[Seaside] sessions and non-sessions
miso.list at auf.net
Tue Feb 1 20:25:40 CET 2005
> The interesting value Seaside adds is in dealing with sessions, and
> anything that is explicitly sessionless/stateless should really be
> done with some other tool. The reason for that is that, at least as
> far as I've been able to figure out, this is an all-or-nothing
> choice per application: either you use sessions or you don't.
Really? I must be missing something - depending on what you mean exactly by the above - I see many examples that want both sessions and non-sessions.
Take something like smallblog as an example. It has two fairly different uses: displaying blogs for people to read, editing blogs for people who want to post. The two uses are basically in complementary distribution wrt sessions. The first use gains nothing from sessions and wants "the advantages of sessionless apps (like bookmarking and static indexing ...)". The second use on the other hand is wonderfully helped by the session mechanisms and doesn't care about bookmarking / indexing / etc. So at first sight, here we have a case that is not "an all-or-nothing choice per application", but rather "I want both, in different parts of the code".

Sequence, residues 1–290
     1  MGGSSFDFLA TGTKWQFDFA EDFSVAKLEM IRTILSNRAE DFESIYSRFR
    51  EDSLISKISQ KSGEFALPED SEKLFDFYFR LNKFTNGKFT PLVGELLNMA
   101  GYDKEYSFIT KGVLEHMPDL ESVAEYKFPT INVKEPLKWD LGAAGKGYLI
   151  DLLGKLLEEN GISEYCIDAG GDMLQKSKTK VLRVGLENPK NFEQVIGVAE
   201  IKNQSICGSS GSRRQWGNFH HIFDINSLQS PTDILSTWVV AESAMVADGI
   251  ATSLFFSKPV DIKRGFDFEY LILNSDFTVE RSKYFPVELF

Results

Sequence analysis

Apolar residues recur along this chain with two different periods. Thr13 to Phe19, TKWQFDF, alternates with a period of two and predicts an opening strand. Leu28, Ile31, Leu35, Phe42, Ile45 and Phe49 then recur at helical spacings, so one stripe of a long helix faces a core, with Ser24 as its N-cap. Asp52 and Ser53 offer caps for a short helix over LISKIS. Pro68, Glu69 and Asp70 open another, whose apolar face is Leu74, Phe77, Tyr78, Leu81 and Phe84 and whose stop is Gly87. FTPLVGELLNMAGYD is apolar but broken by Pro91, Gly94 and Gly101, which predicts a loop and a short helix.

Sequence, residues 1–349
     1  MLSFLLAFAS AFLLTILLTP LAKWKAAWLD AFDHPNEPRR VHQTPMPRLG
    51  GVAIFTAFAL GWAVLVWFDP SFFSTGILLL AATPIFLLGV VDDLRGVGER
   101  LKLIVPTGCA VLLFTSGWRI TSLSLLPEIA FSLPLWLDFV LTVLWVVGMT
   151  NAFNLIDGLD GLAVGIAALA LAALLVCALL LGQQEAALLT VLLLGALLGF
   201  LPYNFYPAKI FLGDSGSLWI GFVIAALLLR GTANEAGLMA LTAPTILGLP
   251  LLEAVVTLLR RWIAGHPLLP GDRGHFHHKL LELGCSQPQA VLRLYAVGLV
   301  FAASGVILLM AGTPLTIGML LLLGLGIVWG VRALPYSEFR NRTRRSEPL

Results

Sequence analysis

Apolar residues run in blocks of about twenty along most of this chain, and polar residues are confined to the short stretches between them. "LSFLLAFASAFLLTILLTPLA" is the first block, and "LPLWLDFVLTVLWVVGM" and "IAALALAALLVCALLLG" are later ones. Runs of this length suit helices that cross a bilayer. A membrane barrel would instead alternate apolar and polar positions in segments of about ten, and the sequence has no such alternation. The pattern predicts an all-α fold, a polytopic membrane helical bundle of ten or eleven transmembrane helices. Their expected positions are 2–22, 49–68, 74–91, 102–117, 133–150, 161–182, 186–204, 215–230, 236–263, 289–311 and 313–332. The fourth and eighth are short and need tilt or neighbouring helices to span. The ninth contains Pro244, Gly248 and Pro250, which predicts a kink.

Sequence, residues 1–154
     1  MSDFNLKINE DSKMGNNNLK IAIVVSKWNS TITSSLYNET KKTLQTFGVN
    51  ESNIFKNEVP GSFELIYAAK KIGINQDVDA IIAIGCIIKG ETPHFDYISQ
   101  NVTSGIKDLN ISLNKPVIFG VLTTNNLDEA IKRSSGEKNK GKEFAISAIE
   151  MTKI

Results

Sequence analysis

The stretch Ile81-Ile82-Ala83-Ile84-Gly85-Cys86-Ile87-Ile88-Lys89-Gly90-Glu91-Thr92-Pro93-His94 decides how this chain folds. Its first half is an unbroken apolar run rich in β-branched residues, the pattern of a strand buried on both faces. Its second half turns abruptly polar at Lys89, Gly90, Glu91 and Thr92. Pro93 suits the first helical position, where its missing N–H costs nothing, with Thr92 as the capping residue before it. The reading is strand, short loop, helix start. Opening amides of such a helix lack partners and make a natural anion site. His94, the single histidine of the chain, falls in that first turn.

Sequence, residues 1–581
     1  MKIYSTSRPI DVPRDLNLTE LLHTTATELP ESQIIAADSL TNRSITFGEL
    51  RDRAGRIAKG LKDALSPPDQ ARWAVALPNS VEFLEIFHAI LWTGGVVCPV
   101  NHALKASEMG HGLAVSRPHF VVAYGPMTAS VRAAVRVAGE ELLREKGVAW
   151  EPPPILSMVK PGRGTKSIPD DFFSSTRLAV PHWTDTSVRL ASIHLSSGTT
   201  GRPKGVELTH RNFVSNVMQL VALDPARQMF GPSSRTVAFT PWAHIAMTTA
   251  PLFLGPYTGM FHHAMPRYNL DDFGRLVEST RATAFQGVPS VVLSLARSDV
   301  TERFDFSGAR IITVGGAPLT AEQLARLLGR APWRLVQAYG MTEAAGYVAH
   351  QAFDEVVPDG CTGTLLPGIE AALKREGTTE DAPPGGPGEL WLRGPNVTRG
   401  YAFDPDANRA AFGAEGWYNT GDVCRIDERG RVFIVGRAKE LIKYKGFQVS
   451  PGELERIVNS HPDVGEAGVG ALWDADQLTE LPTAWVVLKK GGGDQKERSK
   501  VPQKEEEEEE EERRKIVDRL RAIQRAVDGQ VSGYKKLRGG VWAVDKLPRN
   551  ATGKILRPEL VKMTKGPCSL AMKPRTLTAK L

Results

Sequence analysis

Clearly, there is nothing particular to smallblog here. Anything that both displays and edits a data structre / database is an example of that, if it doesn't need to track the viewing. And that - at least in my world - is a very frequent pattern. I have tried solutions on both extremes in past projects: from the standard "everything is a session" - by far easier to code given the current framework - to the other extreme of "only editing is a session and everytime an object is edited it is rendered to static html served by apache" (unpleasant to code, more complicated underlyingly, but a more pleasant user experience). But they are both somewhat frustrating.
Whenever I'll find some time, I'm inclined to experiment with a kind of WAApplication that dispatches both to session objects and to objects that just render themselves (and have static, indexable urls, etc). I haven't had time to think that through and hack on it yet, but I'd be very interested in hearing how others see that division of labor.
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